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Each CCD chip is provided with 4 low-noise amplifier nodes. These are critical for obtaining the best energy-resolving performance of the CCD. These nodes are the limiting source of noise if the rest of the system operates ideally. Physically, the detection node is implemented as an implant within the signal transfer channel, which is connected to the gate of a MOSFET source-follower amplifier. The potential of this node is set to a high positive reference voltage by a second MOSFET switch. When the switch re-opens, signal charge is dumped from the last serial register electrode onto the node and, due to the small capacitance of the MOSFET gate, there is a measurable voltage change developed across the external load of the MOSFET source follower stage.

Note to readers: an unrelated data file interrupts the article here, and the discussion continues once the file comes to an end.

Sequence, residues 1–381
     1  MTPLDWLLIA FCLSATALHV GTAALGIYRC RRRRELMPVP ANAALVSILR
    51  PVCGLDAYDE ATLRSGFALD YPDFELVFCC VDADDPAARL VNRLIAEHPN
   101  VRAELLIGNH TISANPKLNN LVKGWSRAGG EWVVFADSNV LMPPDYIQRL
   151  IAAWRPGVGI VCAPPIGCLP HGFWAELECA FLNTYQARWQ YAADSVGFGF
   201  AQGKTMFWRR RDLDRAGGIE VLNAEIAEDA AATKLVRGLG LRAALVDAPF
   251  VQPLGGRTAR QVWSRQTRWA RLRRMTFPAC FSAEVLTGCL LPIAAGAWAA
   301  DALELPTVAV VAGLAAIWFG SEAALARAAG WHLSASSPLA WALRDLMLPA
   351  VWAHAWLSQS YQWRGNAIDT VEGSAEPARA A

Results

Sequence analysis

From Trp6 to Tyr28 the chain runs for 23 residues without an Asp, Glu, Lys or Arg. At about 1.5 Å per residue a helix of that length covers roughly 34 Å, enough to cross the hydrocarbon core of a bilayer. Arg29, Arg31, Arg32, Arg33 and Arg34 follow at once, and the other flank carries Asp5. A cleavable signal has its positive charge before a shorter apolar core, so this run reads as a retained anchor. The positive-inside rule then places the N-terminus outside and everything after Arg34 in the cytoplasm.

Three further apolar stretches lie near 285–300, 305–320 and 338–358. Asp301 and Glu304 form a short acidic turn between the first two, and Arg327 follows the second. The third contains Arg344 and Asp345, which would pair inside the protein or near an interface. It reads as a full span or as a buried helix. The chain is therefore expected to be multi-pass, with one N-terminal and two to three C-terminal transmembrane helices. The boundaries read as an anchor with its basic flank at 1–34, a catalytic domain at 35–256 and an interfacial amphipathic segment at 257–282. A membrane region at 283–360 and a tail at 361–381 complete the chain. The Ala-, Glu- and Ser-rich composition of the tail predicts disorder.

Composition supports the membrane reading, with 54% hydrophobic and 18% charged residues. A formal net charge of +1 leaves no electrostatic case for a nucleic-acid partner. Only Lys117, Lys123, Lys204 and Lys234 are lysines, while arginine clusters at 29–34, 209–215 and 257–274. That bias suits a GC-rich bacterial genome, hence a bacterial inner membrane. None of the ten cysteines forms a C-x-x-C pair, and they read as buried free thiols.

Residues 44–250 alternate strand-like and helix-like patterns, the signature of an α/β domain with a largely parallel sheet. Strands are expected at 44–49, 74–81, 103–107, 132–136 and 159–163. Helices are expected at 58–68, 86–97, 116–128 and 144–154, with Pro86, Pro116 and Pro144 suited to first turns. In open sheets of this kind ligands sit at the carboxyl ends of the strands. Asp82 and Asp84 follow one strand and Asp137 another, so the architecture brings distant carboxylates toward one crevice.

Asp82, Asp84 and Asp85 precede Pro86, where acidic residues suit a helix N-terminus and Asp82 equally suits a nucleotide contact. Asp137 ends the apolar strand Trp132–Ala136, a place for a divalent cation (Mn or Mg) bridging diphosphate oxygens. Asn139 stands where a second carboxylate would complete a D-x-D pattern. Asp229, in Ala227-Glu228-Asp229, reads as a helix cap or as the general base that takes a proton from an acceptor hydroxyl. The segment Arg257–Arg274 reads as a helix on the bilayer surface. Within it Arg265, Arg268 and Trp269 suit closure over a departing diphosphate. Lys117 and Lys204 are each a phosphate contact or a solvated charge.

The off-chip circuits amplify this signal, with a general technique of comparing the samples of the reference voltage level and the signal voltage levels. The differencing process tends to reduce low frequency components that are common in MOSFET amplifiers; white noise components are minimized by proper choice of the circuit bandwidth. However this bandwidth tends to place a limit on the speed of operation of the chip (seconds per pixel). The equivalent noise charge of these amplifier nodes can be of the order 2 to 3 electrons r.m.s. in this mode. A typical keV X-ray would generate an off-chip signal of mVolts, so the noise in the off-chip circuits must be kept very low as well.